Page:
Materials Selection Policy
The historic basis for the existence of libraries has been to provide individuals with an opportunity to continue their education by self means. Public libraries have traditionally been the repository within their community of a variety of written and non-written materials and cultural opportunities available to all without charge. To fulfill this mandate for the citizens of Sheridan and Adams Township, the Sheridan Public Library adopts this policy of materials selection.
Library Bill of Rights
The American Library Association affirms that all libraries are forums for information and ideas, and that the following basic policies should guide their services.
- Books and other library resources should be provided for the interest, information, and enlightenment of all people of the community the library serves. Materials should not be excluded because of the origin, background, or views of those contributing to their creation.
- Libraries should provide materials and information presenting all points of view on current and historical issues. Materials should not be proscribed or removed because of partisan or doctrinal disapproval.
- Libraries should challenge censorship in the fulfillment of their responsibility to provide information and enlightenment.
- Libraries should cooperate with all persons and groups concerned with resisting abridgment of free expression and free access to ideas.
- A person’s right to use a library should not be denied or abridged because of origin, age, background, or views.
- Libraries which make exhibit spaces and meeting rooms available to the public they serve should make such facilities available on an equitable basis, regardless of the beliefs or affiliations of individuals or groups requesting their use
Principles of Selection
The Sheridan Public Library collects print and non-print materials which chronicle the events and thoughts of mankind. The library director and staff make their selections based on a variety of criteria. First and foremost, the material must be of some perceived value to the community the library serves. Beyond that, the material should, among other things, have a positive review of content from a professionally recognized source, fill a need within the existing collection, fit within current budget constraints and be of substantial physical quality. Materials should be provided in a variety of formats and comprehension levels, should address a variety of issues without regard to their controversial nature, and should always try to reflect the changing needs of library patrons. While the library and staff may not always accept the ideas and values associated with the materials, every effort should be made not to censor or eliminate those materials on the basis of personal beliefs. Many of the materials reviewed may contain parts that are offensive, even to the great majority of patrons, but all items for consideration will be judged as a whole, not just in parts.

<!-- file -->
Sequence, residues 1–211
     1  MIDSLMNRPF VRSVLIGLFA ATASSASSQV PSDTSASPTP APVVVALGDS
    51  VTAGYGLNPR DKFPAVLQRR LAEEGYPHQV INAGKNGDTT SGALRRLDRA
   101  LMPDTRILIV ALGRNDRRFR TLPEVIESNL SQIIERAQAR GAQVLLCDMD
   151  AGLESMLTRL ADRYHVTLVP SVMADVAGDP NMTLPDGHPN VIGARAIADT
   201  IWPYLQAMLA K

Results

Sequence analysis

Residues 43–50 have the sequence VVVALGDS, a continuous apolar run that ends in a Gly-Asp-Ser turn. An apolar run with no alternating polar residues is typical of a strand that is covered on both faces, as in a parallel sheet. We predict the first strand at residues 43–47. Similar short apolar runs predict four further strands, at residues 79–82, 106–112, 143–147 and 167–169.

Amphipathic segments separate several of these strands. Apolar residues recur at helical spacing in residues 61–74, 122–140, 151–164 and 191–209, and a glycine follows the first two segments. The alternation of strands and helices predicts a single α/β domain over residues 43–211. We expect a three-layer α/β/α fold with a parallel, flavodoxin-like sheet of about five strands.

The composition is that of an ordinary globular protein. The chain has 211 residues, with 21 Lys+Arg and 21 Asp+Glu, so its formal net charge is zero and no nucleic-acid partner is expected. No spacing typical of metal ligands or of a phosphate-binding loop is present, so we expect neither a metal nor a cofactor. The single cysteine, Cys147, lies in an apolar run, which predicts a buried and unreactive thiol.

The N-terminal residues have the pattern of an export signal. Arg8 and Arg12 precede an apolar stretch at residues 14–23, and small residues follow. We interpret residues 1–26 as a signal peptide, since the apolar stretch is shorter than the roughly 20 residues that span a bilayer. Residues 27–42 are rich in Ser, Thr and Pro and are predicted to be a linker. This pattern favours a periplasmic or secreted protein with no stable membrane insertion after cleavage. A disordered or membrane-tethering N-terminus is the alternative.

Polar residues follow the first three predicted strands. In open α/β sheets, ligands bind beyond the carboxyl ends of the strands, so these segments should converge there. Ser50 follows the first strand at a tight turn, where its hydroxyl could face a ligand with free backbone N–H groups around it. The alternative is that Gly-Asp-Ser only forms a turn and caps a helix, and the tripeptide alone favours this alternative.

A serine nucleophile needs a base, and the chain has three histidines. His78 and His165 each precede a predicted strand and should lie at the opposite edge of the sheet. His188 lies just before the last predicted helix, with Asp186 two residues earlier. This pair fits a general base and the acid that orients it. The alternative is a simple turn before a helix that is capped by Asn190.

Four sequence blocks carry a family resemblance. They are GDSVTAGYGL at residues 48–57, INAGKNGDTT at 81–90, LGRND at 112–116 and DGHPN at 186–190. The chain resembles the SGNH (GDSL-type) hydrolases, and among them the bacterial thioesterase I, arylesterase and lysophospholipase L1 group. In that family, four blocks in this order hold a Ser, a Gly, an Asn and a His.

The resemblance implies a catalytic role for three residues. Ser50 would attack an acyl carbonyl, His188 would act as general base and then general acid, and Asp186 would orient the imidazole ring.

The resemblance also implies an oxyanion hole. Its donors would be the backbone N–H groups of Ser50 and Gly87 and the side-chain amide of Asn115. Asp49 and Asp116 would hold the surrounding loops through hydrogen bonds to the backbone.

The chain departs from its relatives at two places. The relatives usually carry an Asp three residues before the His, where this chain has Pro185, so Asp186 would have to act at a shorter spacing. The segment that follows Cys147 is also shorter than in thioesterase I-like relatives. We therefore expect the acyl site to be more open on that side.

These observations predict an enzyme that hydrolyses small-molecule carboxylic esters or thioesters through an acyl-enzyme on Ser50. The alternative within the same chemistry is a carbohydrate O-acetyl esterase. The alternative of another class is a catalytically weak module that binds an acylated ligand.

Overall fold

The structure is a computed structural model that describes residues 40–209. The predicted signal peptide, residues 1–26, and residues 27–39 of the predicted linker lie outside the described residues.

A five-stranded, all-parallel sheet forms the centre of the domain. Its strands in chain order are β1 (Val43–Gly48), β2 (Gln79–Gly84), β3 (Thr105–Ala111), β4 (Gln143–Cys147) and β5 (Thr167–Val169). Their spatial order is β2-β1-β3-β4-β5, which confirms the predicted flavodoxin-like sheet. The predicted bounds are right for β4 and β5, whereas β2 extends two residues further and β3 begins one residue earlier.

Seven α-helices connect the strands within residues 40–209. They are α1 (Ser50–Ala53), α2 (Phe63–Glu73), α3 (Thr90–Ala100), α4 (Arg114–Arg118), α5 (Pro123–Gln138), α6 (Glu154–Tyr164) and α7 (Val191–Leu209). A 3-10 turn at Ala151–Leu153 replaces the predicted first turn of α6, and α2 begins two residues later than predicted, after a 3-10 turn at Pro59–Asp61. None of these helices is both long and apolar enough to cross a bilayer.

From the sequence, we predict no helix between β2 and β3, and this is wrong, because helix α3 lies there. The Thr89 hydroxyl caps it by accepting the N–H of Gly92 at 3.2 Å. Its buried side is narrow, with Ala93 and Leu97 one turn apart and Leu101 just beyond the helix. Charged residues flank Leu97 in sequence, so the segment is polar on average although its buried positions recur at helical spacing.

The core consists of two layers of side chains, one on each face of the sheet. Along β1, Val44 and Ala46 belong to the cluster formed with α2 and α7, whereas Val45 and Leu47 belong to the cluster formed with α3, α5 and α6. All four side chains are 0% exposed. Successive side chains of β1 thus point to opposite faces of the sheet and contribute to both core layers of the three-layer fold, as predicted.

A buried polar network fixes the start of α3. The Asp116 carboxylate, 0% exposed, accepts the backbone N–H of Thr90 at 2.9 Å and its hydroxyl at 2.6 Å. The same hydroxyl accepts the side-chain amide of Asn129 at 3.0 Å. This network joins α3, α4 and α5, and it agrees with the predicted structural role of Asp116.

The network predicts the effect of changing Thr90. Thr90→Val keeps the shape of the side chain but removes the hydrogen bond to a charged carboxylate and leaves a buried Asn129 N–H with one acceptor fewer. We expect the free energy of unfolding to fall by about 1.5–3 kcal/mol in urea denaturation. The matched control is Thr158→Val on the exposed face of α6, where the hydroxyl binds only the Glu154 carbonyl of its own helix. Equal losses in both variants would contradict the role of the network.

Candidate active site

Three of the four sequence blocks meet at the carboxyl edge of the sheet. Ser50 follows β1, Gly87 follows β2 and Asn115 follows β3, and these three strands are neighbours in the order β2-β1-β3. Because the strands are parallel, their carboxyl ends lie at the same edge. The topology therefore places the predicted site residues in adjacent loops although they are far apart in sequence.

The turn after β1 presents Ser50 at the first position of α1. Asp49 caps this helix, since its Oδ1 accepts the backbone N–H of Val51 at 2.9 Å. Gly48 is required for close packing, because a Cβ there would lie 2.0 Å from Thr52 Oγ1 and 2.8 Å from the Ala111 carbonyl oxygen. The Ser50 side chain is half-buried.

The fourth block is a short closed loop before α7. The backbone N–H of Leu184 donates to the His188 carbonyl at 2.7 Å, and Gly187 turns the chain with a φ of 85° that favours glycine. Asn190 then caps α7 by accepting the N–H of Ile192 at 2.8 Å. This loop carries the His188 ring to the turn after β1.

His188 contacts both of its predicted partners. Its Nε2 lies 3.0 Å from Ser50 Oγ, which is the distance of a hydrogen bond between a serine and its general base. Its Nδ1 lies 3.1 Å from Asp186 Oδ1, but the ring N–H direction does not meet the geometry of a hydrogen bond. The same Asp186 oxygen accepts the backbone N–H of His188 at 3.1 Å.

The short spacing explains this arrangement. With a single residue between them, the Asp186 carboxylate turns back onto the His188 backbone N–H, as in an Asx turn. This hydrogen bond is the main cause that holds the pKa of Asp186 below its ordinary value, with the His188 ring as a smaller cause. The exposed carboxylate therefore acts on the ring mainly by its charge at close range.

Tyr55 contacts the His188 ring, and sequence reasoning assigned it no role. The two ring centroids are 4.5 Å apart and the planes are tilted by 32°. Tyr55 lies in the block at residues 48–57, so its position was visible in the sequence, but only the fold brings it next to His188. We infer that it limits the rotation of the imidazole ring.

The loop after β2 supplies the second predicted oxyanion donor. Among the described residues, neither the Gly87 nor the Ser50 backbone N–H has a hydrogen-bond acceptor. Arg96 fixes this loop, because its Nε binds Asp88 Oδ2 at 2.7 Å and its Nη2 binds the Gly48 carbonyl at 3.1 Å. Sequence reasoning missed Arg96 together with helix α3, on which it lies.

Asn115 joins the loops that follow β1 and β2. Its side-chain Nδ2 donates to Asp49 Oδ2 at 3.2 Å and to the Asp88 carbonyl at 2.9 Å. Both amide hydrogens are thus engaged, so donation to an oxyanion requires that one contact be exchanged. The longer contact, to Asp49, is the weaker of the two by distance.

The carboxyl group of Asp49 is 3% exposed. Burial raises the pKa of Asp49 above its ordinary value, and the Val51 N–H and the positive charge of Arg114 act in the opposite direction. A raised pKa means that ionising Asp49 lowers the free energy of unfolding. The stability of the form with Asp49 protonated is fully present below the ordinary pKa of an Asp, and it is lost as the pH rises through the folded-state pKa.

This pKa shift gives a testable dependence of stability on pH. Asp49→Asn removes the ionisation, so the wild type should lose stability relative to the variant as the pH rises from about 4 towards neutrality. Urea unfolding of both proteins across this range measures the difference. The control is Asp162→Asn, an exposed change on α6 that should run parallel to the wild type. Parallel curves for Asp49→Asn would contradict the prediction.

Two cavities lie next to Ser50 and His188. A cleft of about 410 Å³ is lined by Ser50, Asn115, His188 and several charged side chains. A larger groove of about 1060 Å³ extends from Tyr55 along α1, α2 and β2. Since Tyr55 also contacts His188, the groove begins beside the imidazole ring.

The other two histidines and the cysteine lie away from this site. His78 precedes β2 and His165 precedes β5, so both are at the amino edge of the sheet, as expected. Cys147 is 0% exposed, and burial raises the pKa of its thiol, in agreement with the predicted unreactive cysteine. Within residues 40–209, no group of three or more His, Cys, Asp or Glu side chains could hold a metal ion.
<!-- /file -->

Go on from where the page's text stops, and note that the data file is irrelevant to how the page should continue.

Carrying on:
While the responsibility for selecting materials rests with the director and the staff, the library cannot be responsible for what patrons choose to read. The materials within the library’s collection are available to all. Especially for children, the responsibility lies with the parents as to what they may read or view.
Placement of Materials
Materials are placed within the library in accordance with the Dewey Decimal Classification System and the best judgment of the library staff. Materials generally considered more appropriate to juvenile patrons and young adult patrons are housed separately from the adult collection. However, all materials are available to all patrons. The only exception to this are materials that need special protection or security based on their rarity, fragility, cost, susceptibility to loss or damage, or materials that are unsuited for heavy usage. These items will be made available upon request and under appropriate supervision.
Removal of Collection Items
Periodically it may become necessary to remove items from the library collection. Removal is commonly done when items become obsolete or are too worn or physically damaged to be repaired. Surplus items may also be periodically culled. Occasionally, items that are considered contrary to the best interests of the community are removed after appropriate review. Citizens of the library district wishing to have an item considered for removal from the collection are encouraged to complete the appropriate Request for Review of Collection Item form attached to this policy and available at the library.
Gifting of Materials
Members of the community are encouraged to donate print and non-print items to the library. Using the criteria outlined above, the director and staff will evaluate the donated items and make a determination as to whether or not to include them in the collection. Items not added to the collection may be placed in the Friends of the Library book sale for disposal. All donated items become the sole property of the library at the time of the donation. Patrons may request a Donation Receipt for items donated to the library.
The Sheridan Public Library reserves the right to add to, delete from or otherwise change the above policy and/or guidelines without notification.